Sangakkara picked up two major awards
Sri Lanka wicketkeeper batsman Kumar Sangakkara may have had one of the best nights in his life on September 15 as he picked up not one, not two, but three International Cricket Council (ICC) awards.
Sangakkara picked up the coveted Cricketer of the Year and Test Cricketer of the Year award, while also receiving the People’s Choice prize for a second year in a row.
Sangakarra was picked ahead of South Africa’s Hashim Amla and Vernon Philander, and Australia captain Michael Clarke for the Cricketer of the Year and Test Cricketer of the Year award.
During the 12 month qualification period, Sangakkara scored 1,444 runs, which included five centuries and five half centuries, in 14 Tests at an average of 60.16.
By far the best century Sangakkara would have been remembered for in the past year would have to be his match-saving 211 against Pakistan at Abu Dhabi.
In terms of ODI statistics, Sangakkara recorded 1,457 runs in 37 ODIs, including three centuries, along with 39 catches behind the stumps and three stumpings to go along with all of that.
“This is an amazing honour and I’ve seen the people who have won it before me and the nominees too, to be named alongside them is wonderful, I admire them greatly and even more so when I looked up at their records on the screen this evening. It’s great to be amongst them. Now to receive this honour this evening, is simply fantastic,” Sangakkara said upon receiving his trophies from ICC president Alan Isaac.
Previous winners of the Cricketer of the Year award include some of the greatest cricketers to have ever played the sport for their country.
They include: Rahul Dravid (2004), Andrew Flintoff and Jacques Kallis (joint winners in 2005), Ricky Ponting (2006 and 2007), Shivnarine Chanderpaul (2008), Mitchell Johnson (2009), Sachin Tendulkar (2010) and Jonathan Trott (2011).
West Indies batting legend Brian Lara, who was inducted into the ICC Hall of Fame, presented Sangakkara with the Test Cricketer of the Year trophy.
“I’m continuing to ensure I am consistent and I need to keep raising the bar each year and keep trying harder and harder to ensure I keep playing good Test cricket, it’s a constant battle but I have the support of a great team that helps me to do the best I can,” Sangakkara said.
Sangakkara failed to pick up the ODI Cricketer of the Year award though, which he won in 2011, as India’s Virat Kohli had scored 1733 runs at an average of 66.65, including eight hundreds and six half centuries.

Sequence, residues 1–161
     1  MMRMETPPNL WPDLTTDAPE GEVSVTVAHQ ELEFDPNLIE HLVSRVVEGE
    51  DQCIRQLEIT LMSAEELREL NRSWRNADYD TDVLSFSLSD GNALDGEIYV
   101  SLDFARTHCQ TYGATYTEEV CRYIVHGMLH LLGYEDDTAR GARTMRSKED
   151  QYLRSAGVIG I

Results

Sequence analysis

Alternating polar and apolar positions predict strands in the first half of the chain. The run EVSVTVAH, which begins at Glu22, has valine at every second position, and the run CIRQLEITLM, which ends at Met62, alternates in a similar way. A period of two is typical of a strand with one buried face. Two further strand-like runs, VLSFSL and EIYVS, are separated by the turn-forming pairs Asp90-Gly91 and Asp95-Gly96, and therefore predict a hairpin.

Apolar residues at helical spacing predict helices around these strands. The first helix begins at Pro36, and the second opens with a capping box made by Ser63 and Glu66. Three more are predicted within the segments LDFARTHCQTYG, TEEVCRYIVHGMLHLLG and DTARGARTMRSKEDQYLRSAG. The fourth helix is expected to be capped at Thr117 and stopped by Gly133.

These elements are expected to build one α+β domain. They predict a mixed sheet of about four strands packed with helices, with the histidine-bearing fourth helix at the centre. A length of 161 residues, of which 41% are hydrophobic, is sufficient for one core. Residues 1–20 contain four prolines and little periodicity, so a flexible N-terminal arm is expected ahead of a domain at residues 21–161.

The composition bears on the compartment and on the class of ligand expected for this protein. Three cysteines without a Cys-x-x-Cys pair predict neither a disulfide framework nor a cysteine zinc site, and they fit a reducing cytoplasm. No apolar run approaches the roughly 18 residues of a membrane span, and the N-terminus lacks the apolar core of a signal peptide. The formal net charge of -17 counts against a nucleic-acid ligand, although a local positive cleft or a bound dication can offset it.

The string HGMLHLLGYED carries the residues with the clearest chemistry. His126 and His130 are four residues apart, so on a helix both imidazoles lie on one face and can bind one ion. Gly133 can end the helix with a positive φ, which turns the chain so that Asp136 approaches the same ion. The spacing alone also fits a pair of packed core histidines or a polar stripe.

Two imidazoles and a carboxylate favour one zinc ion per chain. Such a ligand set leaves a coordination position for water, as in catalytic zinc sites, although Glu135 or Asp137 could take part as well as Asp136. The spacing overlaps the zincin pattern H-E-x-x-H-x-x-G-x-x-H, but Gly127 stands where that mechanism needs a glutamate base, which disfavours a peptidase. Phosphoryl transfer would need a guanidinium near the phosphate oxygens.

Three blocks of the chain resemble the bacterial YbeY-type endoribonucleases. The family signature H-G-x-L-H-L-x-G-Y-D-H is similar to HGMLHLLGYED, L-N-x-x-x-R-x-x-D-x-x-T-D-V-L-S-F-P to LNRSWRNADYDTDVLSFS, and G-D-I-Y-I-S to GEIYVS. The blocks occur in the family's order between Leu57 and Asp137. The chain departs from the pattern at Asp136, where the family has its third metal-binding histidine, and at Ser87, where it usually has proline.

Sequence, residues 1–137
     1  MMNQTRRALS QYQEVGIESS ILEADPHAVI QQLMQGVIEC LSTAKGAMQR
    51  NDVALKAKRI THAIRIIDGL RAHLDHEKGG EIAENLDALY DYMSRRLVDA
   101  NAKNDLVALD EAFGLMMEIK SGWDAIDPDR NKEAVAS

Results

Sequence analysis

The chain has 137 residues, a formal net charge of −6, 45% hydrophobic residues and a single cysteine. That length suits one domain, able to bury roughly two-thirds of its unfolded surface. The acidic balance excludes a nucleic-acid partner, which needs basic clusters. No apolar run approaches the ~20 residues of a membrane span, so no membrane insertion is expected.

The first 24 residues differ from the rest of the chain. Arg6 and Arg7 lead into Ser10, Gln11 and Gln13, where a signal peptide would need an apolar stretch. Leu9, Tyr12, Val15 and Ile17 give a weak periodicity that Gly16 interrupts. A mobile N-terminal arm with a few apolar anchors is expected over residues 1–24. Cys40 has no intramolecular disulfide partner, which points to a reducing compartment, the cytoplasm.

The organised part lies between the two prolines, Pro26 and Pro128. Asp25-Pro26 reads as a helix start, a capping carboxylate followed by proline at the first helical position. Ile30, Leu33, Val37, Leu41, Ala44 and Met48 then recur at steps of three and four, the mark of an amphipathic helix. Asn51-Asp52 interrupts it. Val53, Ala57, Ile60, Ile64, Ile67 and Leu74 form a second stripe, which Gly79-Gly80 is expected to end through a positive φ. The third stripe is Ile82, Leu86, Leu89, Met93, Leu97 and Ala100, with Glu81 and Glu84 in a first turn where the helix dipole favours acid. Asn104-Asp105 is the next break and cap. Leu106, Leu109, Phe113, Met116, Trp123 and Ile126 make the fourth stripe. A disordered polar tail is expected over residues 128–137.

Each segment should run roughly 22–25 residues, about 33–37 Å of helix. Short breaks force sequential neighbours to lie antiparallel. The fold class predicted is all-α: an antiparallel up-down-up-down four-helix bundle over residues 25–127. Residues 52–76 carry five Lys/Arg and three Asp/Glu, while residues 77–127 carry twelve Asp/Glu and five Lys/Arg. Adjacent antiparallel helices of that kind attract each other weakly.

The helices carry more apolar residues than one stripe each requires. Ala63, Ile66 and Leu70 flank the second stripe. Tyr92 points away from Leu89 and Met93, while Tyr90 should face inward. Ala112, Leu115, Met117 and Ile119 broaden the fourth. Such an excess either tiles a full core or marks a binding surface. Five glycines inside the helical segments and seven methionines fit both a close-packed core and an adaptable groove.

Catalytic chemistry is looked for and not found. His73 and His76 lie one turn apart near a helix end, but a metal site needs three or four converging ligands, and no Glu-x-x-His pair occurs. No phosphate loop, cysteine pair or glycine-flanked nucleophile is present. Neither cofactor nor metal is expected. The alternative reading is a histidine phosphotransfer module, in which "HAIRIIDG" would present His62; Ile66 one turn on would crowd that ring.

West Indies mystery spinner Sunil Narine, who has bowled the team to a countless number of victories over the past year, won the Emerging Cricketer of the Year award.
Other winners included South Africa’s Richard Levi, whose record-breaking century from just 45 balls against New Zealand, earned him the Twenty20 Performance of the Year award ahead of Sri Lanka’s brilliant spinner Ajantha Mendis.
New Zealand’s Daniel Vettori received the Sprit of Cricket award for his sportsmanlike recall of a Zimbabwe batsman during a tense Test match both nations endured at Bulawayo.
George Dockrell became the second Irish player after William Porterfield to be presented with the Associate and Affiliate Player of the Year prize.
However, the awards did not stop there as for the first time, there were two women’s awards to hand out as well, the first being the ODI Cricketer of the Year, which West Indies star Stafanie Taylor won for the second year running, and the Twenty20 International Cricketer of the Year went to England’s Sarah Taylor.
Just as Sri Lanka thought they were done with awards, the ICC crowned Kumar Dharmasena as the Umpire of the Year.
Dharmasena’s win ended Pakistan umpire Aleem Dar’s three-year streak and, to add insult to injury for Pakistan, none of their other players, including Saeed Ajmal, who was removed from the shortlist for the Cricket of the Year and Test Cricketer of the Year awards, won any awards on the day, leaving the country with a grand total of zero awards.